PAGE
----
Why not define a single queue in hornetq-configuration.xml (so that no messages are lost) and then just let the consumers decide what messages they want (i.e. define their own filter programmatically on the client-side)?  That would be much simpler for you and more flexible for everyone.  It would cut out the whole process of getting use-cases from the consumers, tailoring the queue filters on the server-side, and then changing the filters on the server-side when necessary.

                   

                   

                  If the consumers are in charge of defining the filter when they connect, does this mean that I have to define a queue with no filter?

                  You don't have to define a queue with no filter.  The consumers can define their own queue if they want, but that would mean they would miss messages sent before they connected.  If you want to capture all messages sent to the server before the client connects than you'd have to define a queue in the configuration.

                   

                   

                  If this is the case, won't this queue fill up with unwanted messages because those will never be consumed?

                  I guess that depends on whether or not producers are sending unwanted messages that the clients will never consume.  If so, then yes those unwanted messages will accumulate in the queue.  You can remove those messages administratively by using the removeMessages operation with a filter or you can have the producer set a TTL on the messages so it expires after a certain time or you can configure a default <expiry-delay> on the server so that all messages without their own TTL expire after a certain amount of time.

                  • 6. Re: Re: Re: Re: Changing filter on a running queue
                    Jesus Gabriel y Galan Newbie

                    Finally, a simple and functional description of the problem.  This is something I can actually work with.  Thanks.

                     

                    Sorry about not being more clear before.

                     

                    BTW, what version of HornetQ are you using?

                    2.4.1.Final (Fast Hornet, 124)

                     

                    However, I'm trying to give you options to work with what you have rather than just saying we'll add that in the future and making you wait for a new feature to be implemented and released.

                    Sure, it's greatly appreciated.

                     

                    Why not define a single queue in hornetq-configuration.xml (so that no messages are lost) and then just let the consumers decide what messages they want (i.e. define their own filter programmatically on the client-side)?  That would be much simpler for you and more flexible for everyone.  It would cut out the whole process of getting use-cases from the consumers, tailoring the queue filters on the server-side, and then changing the filters on the server-side when necessary.

                     

                    I have to think about this, but it might sound like the best way to go. I would need one queue for each consumer, cause each of needs their own copy of the message, but I see the point.

                     

                    If you want to capture all messages sent to the server before the client connects than you'd have to define a queue in the configuration.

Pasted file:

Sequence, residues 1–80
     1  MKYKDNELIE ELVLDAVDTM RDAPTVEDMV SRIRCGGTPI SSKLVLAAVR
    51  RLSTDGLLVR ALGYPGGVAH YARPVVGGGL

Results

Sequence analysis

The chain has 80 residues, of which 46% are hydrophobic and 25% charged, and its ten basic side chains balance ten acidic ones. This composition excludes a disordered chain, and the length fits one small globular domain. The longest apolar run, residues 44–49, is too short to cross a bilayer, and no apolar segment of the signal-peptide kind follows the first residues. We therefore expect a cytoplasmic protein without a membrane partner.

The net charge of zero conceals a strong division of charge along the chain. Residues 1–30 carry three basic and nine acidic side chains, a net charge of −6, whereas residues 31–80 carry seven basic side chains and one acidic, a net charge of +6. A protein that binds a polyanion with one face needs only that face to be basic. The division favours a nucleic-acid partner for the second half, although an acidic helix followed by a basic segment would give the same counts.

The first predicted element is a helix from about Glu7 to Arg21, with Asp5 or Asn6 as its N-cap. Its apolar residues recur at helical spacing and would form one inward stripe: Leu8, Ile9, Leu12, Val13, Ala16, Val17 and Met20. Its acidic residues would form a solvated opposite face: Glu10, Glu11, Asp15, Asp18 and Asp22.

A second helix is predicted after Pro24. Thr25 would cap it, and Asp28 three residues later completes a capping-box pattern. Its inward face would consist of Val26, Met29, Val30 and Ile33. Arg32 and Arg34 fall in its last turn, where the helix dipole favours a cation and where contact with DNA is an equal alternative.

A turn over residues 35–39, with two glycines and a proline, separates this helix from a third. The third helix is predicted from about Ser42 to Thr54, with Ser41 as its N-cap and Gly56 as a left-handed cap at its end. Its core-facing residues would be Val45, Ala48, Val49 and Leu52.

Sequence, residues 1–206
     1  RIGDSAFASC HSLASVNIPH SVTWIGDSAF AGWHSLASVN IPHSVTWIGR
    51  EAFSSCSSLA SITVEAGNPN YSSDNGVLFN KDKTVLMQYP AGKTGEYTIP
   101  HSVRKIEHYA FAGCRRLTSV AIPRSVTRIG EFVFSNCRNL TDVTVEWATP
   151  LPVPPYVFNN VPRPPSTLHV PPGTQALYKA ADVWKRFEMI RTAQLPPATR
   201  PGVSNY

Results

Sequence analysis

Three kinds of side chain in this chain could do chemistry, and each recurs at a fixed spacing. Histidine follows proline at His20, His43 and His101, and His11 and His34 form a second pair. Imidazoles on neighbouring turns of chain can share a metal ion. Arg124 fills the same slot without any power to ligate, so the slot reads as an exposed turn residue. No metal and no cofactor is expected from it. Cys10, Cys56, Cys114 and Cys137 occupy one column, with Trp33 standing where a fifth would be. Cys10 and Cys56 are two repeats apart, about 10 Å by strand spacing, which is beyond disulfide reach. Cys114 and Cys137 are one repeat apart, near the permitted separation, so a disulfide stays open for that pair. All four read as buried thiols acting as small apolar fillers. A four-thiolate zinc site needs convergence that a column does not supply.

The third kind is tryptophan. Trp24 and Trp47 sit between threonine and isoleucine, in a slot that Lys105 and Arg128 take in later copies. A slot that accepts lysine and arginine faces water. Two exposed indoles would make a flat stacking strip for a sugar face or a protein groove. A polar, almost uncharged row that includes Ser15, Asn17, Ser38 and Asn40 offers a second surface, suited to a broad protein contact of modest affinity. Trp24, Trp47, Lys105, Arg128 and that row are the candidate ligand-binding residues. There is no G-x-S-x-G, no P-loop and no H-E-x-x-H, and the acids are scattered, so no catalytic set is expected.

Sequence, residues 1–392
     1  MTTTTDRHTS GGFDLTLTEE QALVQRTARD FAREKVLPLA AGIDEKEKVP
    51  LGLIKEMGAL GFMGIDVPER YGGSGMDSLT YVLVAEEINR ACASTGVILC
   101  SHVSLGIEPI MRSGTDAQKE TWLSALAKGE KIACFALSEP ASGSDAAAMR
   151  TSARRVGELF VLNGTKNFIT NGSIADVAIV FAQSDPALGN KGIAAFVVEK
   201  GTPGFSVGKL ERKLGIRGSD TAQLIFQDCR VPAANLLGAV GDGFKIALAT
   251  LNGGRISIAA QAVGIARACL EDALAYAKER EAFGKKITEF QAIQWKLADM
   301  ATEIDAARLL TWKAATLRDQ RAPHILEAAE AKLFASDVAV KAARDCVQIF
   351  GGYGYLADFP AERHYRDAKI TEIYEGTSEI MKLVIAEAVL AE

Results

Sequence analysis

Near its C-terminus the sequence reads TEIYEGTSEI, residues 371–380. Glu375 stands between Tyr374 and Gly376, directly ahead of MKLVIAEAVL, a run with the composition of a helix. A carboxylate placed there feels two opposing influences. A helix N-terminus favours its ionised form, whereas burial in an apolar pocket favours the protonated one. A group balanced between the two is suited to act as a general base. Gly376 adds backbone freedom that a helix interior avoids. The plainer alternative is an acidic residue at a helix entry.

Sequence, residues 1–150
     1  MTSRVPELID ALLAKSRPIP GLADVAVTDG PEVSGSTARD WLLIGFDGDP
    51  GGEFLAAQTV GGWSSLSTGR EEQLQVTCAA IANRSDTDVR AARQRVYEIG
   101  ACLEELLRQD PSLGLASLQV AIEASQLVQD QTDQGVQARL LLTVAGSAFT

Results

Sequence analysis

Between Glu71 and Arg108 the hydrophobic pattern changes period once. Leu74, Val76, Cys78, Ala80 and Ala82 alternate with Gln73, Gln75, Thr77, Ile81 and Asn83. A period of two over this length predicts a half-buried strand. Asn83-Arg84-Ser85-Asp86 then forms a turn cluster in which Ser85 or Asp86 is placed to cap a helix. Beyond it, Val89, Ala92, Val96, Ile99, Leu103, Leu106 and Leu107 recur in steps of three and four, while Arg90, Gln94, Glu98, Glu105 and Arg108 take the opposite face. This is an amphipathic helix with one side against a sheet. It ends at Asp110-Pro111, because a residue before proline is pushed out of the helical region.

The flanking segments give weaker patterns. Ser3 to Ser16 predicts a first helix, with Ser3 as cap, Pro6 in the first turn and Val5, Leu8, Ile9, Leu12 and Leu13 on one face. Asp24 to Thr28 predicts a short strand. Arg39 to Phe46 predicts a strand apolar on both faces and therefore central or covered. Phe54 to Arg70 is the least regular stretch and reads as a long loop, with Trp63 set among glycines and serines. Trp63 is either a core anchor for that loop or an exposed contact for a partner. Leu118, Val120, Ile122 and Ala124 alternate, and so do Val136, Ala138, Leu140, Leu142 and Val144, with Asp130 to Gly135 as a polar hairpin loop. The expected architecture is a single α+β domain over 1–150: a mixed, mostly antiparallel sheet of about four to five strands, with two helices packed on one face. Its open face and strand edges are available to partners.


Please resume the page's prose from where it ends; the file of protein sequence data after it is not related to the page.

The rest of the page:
Yes, that's actually the case, so that's why all our ideas started with predefined durable queues.

                     

                    I guess that depends on whether or not producers are sending unwanted messages that the clients will never consume.  If so, then yes those unwanted messages will accumulate in the queue.  You can remove those messages administratively by using the removeMessages operation with a filter or you can have the producer set a TTL on the messages so it expires after a certain time or you can configure a default <expiry-delay> on the server so that all messages without their own TTL expire after a certain amount of time.

                     

                    Yes, if I create a queue for each consumer (department) without filter, there will certainly be some unwanted messages in each queue, so I'd need to make some tests and evaluate the number of unwanted messages, so I can tune this TTL to a good value between coping with slow/stopped consumers, and the disk space that the messages will be producing.

                     

                    Anyway, thanks a lot for your support and your patience, I see now that I wasn't too far off in my ideas, but you showed me some alternatives that are worth exploring. Please let me know anyway if you find something on the first point about restarting with a new version of the config file (Shall I mark this question as answered even though this point is still pending?) , and also on the future possibility of hot-updating a filter on a queue with producers and consumers running.

                     

                    Thanks, Justin.

                    • 7. Re: Re: Re: Re: Changing filter on a running queue
                      Justin Bertram Master

                      I believe I see in the code where the queue binding information that is loaded from disk (from the bindings journal) will be used instead of the configuration from XML if there is a naming collision (i.e. the names of the queues are the same).  That's almost certainly why your updated XML is being disregarded in favor of the old configuration loaded from disk.

                       

                      I'll need to discuss this with the other developers to see what (if anything) should be done about it.